Biomedical researcher Zelinda Hirano plans to start vaccinating 44 howler monkeys this month at the Indaial Biological Research Center (CEPESBI), which she founded and now manages as a volunteer in Brazil’s southern state of Santa Catarina. Unlike the tamarins on the Poço das Antas Reserve, these animals are in captivity.
In 2019, the yellow fever epidemic spread to Santa Catarina. One of the primates at CEPESBI was infected and died, prompting the vaccination of residents in nearby areas. To prevent further deaths, Hirano installed netting around the monkeys’ enclosures to keep out virus-transmitting mosquitoes. While she observed that the animals were bothered by the warmer temperature and the difficulty seeing outside, no further monkeys became infected. The virus, however, continued to spread in the area. The State Health Department reported 137 primate deaths from yellow fever in 2021 as well as 8 human infections resulting in 3 deaths—none of those who died had been vaccinated.
In March 2021, after the state government lifted its ban on expeditions due to the pandemic, Hirano returned to the 40-hectare forest near CEPESBI (1 hectare is equal to 10,000 square meters). “There were previously 57 howler monkeys living there in five groups. Some I had known for 30 years. I wept when I found there were only three left in one of the groups.”
Following vaccination, captive howler monkeys could be used to replenish the populations that have collapsed. “We will have to carefully consider when, where, and how to release the vaccinated animals,” notes Hirano. “We also have to consider the chromosomal variation that exists among populations of howler monkeys in Atlantic Forest areas. We can’t mix different groups together randomly.” Her plan is aligned with guidance issued in September 2021 by CPB—following three months of discussion with experts from different research institutions—recommending the vaccination of howler individuals used to replenish wild populations.
In addition to this recommendation, which informs local action plans for the conservation of endangered species, there are other considerations that need to be addressed when moving an animal from one place to another. “To improve animals’ chances of success in the wild, we need to know their origin, ensure they are in good health, understand their behavior, consider that they are social animals that live in groups, and find a well-suited area for their release,” says Jerusalinsky.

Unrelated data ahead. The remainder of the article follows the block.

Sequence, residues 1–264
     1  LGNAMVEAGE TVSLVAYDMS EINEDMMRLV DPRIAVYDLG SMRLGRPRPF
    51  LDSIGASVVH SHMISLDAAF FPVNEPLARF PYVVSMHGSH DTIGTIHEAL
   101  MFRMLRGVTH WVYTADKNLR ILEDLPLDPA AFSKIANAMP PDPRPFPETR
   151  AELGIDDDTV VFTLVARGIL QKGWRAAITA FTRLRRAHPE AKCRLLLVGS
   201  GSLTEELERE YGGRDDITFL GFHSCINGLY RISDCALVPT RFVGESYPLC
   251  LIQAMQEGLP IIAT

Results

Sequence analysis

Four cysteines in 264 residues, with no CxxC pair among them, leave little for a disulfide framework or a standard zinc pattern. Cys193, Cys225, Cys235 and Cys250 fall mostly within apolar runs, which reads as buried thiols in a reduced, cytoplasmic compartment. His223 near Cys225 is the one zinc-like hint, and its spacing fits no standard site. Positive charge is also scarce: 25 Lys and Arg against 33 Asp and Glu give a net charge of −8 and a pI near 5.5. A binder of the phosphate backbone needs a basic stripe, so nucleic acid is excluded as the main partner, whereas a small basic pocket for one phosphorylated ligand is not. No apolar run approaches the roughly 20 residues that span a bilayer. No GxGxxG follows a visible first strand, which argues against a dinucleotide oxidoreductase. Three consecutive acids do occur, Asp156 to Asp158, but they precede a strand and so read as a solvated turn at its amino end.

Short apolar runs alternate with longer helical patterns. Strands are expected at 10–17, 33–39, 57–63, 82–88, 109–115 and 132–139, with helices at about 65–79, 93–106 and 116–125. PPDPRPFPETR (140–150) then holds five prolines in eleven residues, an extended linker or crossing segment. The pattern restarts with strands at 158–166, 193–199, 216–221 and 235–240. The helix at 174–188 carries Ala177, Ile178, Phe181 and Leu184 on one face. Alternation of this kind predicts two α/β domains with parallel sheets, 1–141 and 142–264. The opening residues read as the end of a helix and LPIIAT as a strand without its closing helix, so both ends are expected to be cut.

“Free-ranging howler monkeys—which serve as sentinels for yellow fever—will not be vaccinated, but surviving populations will be augmented with animals vaccinated in captivity,” says Pissinatti. When the yellow fever virus spreads to a given region, howler monkeys infected by disease-carrying mosquitoes are soon found dead, prompting epidemiological surveillance teams to launch vaccination campaigns for residents in nearby areas.
Adriano Pinter, a veterinary science and epidemiology researcher at the Endemic Diseases Oversight Office (SUCEN), who did not participate in the research, suggests: “Perhaps animals in public parks, such as Horto Florestal or Parque Fontes do Ipiranga, in São Paulo, could be vaccinated as a way to reduce the risk of urban yellow fever outbreaks, in areas where howler monkeys could be bitten by urban vector mosquitoes.” As an immediate measure, the Wildlife Division (DFS) of the municipal government of São Paulo, working with colleagues at the University of São Paulo’s Institute of Tropical Medicine (IMT-USP) and SUCEN, is preparing to vaccinate 34 brown howlers kept in a conservation center at Anhanguera Park, in the city’s northern district, over the first half of next year, using the methods developed by CPRJ and FIOCRUZ.
“After vaccination, we plan to replenish lost populations such as those in Cantareira and Horto,” says Marcello Schiavo Nardi, a veterinarian at DFS. Unlike tamarins, it is fairly difficult to capture free-ranging howlers to vaccinate them. Howler monkeys are 45 to 60 cm long and weigh 4 to 7 kilograms (kg). They eat leaves (not bananas) and typically live between 20 and 30 meters (m) high in the forest canopy, rarely venturing down to the ground.
In 2014, Marcelo Rheingantz, a biologist at the Federal University of Rio de Janeiro (UFRJ), coordinated the release of four howler monkeys (two males and two females) at Tijuca National Park, as reported in an October 2017 paper in Perspectives in Ecology and Conservation. “We expected the howler monkeys to stay together, but they dispersed shortly after release,” he says. One of the females eventually died and the other joined a male and had five young. To replenish the howler population in the park, he plans to release seven more animals from CPRJ (six females and one male) after they are vaccinated.